With civilization collapsing around him as multiple states and factions within them fought for control of China, Confucius looked back to the “golden age” at the beginning of the Zhou dynasty in the 11th century BCE as the model for restoring stability and culture to the country.
This was no accident because even though his home state of Lu was relatively small and weak compared to its larger and stronger neighbors, it enjoyed a certain degree of “soft power” because of its status as the last bastion of Zhou culture. Indeed, Confucius himself was one of the leading experts in Zhou dynasty rituals of his age, and was highly regarded for his mastery of the subject.
In 3.14 of the Analects, Confucius firmly plants his standard in the ground when he proudly declares “I follow the Zhou!” after describing it as a “great civilization.” He regarded its greatness as the culmination of the cultural development of the Xia and Shang dynasties that preceded it, and in his own teaching and studies drew heavily from the intellectual and artistic treasures inherited from them.
In the case of music, his greatest love, Confucius’s favorite piece was a hymn celebrating the coronation of Shun, the legendary sage king of ancient China in the 23rd or 22nd century BC. In 3.25 he describes this as “perfectly beautiful and perfectly good”, while only granting a “perfectly beautiful but not perfectly good” grade to the hymn celebrating the victory of King Wu, the founder of the Zhou dynasty, over Di Xin, the last emperor of the Yin dynasty.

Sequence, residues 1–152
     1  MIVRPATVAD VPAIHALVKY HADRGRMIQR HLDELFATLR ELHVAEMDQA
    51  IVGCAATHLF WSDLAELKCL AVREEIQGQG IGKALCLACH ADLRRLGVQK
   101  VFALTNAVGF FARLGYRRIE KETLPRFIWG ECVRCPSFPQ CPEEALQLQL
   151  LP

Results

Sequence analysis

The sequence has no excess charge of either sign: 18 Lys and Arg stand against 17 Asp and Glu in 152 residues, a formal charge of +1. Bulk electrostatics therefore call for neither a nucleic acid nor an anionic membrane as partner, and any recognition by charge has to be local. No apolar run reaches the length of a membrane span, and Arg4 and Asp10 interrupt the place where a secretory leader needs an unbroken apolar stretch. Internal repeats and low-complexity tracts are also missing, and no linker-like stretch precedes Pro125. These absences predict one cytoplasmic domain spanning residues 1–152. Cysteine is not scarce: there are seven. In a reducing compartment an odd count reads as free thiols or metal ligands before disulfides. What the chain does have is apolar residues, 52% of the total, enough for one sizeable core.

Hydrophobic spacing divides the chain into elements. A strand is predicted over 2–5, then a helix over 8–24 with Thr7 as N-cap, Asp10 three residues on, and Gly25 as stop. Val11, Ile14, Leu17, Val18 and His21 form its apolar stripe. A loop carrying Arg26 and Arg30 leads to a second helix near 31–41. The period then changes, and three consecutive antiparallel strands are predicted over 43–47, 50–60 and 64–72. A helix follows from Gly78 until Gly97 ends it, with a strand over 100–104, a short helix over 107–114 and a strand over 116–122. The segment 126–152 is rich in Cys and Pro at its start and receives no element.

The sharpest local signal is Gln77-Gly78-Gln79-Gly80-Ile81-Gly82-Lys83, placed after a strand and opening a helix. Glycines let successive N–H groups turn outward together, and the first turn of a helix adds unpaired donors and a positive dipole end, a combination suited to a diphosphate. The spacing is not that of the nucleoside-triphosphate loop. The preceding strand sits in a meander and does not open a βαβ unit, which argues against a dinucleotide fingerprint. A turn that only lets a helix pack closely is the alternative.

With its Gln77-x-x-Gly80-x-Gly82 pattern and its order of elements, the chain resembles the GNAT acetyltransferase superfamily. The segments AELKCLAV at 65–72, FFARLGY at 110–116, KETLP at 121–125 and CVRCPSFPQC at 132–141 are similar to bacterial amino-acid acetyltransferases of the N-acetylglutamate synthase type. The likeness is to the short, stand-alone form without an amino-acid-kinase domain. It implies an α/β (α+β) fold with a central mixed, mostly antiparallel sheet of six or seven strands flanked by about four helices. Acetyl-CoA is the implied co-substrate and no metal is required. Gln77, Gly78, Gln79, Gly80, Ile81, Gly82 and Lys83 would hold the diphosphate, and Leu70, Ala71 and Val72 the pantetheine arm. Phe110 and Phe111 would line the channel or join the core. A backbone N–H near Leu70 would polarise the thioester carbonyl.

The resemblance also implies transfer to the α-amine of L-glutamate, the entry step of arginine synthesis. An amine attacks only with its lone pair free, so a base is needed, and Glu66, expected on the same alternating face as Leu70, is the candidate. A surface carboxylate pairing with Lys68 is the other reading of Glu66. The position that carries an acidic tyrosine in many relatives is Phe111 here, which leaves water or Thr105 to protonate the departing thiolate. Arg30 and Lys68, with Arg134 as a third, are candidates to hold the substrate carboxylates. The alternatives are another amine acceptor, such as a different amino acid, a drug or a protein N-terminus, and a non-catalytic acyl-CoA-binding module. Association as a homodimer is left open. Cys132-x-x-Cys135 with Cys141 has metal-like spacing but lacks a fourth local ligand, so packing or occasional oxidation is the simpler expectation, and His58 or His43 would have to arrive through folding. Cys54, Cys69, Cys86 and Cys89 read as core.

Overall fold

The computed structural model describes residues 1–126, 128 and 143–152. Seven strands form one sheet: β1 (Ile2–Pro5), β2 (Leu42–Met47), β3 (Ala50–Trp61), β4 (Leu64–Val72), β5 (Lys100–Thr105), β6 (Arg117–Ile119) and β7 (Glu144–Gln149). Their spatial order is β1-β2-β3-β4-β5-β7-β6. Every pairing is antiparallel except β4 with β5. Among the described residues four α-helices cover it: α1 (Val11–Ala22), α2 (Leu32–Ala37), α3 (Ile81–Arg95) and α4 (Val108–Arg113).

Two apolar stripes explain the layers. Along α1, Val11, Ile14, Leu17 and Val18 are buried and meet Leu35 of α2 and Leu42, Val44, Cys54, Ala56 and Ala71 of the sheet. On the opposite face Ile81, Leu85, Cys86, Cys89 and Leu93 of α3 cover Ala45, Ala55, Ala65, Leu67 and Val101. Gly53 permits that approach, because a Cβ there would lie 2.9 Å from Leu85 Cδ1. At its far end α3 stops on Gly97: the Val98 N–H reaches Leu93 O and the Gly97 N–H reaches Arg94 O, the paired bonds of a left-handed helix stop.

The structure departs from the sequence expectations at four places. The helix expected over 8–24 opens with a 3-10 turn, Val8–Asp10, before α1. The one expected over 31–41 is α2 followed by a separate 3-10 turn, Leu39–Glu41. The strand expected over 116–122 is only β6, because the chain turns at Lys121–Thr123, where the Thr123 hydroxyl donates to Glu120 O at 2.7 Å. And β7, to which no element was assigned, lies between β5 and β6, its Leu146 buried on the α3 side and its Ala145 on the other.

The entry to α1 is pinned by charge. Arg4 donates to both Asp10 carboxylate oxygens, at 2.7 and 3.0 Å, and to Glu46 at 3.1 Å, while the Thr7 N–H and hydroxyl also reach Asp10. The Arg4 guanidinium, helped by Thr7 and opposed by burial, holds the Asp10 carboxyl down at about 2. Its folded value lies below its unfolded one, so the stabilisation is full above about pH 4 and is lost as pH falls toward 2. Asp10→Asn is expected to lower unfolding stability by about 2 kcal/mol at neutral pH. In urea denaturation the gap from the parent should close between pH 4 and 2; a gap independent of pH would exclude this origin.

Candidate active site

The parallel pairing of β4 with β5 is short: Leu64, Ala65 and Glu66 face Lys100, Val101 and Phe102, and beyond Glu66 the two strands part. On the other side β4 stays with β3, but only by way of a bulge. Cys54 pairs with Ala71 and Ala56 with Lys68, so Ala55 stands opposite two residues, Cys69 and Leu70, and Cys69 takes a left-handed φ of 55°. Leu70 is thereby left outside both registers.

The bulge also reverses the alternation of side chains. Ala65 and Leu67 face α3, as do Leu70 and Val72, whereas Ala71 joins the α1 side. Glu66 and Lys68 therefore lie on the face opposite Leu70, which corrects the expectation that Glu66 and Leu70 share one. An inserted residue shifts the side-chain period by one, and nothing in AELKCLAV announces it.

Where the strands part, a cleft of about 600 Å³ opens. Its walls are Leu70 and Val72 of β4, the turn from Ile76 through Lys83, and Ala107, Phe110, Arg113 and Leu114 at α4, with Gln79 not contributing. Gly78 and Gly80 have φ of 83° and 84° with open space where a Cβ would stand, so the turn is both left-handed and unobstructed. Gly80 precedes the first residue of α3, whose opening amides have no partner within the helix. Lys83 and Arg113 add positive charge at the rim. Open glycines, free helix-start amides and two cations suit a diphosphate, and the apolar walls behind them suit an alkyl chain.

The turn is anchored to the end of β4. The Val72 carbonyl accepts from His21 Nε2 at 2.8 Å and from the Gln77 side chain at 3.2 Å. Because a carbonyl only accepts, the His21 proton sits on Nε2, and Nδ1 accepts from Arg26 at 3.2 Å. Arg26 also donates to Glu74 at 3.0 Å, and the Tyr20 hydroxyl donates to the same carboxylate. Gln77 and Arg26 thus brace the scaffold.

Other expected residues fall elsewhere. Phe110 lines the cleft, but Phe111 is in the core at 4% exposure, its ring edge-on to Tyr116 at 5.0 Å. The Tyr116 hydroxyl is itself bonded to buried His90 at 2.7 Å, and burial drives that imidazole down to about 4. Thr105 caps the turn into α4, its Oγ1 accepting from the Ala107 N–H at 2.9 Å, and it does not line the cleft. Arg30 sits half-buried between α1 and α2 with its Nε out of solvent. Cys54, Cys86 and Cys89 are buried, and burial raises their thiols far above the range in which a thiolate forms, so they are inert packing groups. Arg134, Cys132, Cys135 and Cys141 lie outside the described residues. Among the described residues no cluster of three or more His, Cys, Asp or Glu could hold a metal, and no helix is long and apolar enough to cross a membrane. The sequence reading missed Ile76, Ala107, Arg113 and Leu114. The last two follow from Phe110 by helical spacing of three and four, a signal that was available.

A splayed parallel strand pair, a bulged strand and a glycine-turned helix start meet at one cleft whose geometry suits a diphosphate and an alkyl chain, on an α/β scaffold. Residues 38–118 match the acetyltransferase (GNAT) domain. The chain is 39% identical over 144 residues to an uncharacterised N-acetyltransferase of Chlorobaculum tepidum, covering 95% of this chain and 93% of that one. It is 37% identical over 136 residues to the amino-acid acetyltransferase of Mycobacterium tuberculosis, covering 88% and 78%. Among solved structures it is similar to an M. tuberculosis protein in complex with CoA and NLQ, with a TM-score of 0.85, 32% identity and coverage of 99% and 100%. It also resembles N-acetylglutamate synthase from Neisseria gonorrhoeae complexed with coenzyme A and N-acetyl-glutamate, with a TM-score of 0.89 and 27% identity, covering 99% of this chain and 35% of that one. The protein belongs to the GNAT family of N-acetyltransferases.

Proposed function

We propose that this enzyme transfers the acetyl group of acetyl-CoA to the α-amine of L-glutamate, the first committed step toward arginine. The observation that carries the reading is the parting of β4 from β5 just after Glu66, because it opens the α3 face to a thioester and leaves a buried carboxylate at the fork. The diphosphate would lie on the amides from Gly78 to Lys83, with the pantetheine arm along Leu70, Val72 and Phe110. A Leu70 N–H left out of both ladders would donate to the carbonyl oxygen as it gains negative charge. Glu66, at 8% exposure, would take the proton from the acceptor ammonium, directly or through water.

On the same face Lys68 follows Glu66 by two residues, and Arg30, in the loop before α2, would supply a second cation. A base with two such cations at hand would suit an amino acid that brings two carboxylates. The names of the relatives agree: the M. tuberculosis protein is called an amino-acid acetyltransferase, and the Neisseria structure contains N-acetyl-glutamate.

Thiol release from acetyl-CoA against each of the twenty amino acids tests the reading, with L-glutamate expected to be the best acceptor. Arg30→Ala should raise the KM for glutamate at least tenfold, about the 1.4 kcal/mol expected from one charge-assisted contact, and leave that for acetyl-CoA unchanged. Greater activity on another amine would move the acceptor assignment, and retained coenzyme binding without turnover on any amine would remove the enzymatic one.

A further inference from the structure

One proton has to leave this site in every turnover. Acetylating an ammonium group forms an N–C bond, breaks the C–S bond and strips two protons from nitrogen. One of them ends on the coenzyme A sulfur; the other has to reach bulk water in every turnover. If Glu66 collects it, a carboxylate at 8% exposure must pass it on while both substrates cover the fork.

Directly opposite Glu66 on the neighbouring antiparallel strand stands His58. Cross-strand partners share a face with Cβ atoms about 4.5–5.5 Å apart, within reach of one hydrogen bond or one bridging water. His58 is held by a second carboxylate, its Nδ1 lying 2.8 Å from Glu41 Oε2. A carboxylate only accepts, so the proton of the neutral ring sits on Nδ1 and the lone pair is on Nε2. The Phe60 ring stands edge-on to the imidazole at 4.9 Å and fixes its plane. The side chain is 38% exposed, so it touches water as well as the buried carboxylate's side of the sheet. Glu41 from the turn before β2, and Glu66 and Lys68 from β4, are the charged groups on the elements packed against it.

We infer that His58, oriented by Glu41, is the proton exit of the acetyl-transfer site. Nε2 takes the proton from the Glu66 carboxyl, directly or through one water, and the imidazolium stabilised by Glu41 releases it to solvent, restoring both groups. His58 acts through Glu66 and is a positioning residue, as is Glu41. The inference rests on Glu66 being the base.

For him, music had a strong moral as well as artistic dimension. The primary reason he judged the music of Shun to be superior to that of Wu was that the former celebrated the peaceful transfer of the throne from one king to another while the latter marked a bloody revolution. Even though Confucius understood that Wu was perfectly justified in overthrowing the dissolute Di Xin, he couldn’t fully condone his actions in moral terms.
Confucius draws an even more explicit connection between morality and music in 3.3 when he asks, “If someone has no goodness, what can they have to do with music?” In other words, he was concerned that a person who didn’t possess goodness would debase the meaning of music by writing or performing inconsequential and crude ditties that would corrupt the morality of common people.
Confucius makes a similar point in 3.20 when he describes the first poem in the Book of Songs, a quite delightful evocation of the joys and sorrows of young love, as “joyful without being wanton and sad without being distressing.” In his eyes, therefore, the aim of culture wasn’t so much to entertain people but to instruct and inspire them. By celebrating the purest forms of human emotions and behavior, it should give them new moral goals to aspire to.
No prizes for guessing what Confucius would think of modern culture!